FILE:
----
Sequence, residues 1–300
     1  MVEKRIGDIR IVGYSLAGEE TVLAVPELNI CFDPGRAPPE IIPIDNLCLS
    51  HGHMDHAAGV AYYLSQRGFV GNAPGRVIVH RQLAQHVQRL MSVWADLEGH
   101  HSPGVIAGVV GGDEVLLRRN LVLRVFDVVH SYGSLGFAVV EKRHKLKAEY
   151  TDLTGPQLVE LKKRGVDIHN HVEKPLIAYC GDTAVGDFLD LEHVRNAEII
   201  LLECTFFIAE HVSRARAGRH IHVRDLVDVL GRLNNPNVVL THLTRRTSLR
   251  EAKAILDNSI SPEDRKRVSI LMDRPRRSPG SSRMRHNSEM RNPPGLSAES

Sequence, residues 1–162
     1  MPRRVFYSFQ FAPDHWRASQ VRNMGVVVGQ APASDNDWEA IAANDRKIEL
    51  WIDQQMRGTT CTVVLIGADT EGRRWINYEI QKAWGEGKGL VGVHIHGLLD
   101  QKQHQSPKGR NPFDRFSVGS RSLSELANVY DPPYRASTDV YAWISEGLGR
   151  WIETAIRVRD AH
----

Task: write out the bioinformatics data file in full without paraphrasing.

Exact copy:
Sequence, residues 1–300
     1  MVEKRIGDIR IVGYSLAGEE TVLAVPELNI CFDPGRAPPE IIPIDNLCLS
    51  HGHMDHAAGV AYYLSQRGFV GNAPGRVIVH RQLAQHVQRL MSVWADLEGH
   101  HSPGVIAGVV GGDEVLLRRN LVLRVFDVVH SYGSLGFAVV EKRHKLKAEY
   151  TDLTGPQLVE LKKRGVDIHN HVEKPLIAYC GDTAVGDFLD LEHVRNAEII
   201  LLECTFFIAE HVSRARAGRH IHVRDLVDVL GRLNNPNVVL THLTRRTSLR
   251  EAKAILDNSI SPEDRKRVSI LMDRPRRSPG SSRMRHNSEM RNPPGLSAES

Sequence, residues 1–162
     1  MPRRVFYSFQ FAPDHWRASQ VRNMGVVVGQ APASDNDWEA IAANDRKIEL
    51  WIDQQMRGTT CTVVLIGADT EGRRWINYEI QKAWGEGKGL VGVHIHGLLD
   101  QKQHQSPKGR NPFDRFSVGS RSLSELANVY DPPYRASTDV YAWISEGLGR
   151  WIETAIRVRD AH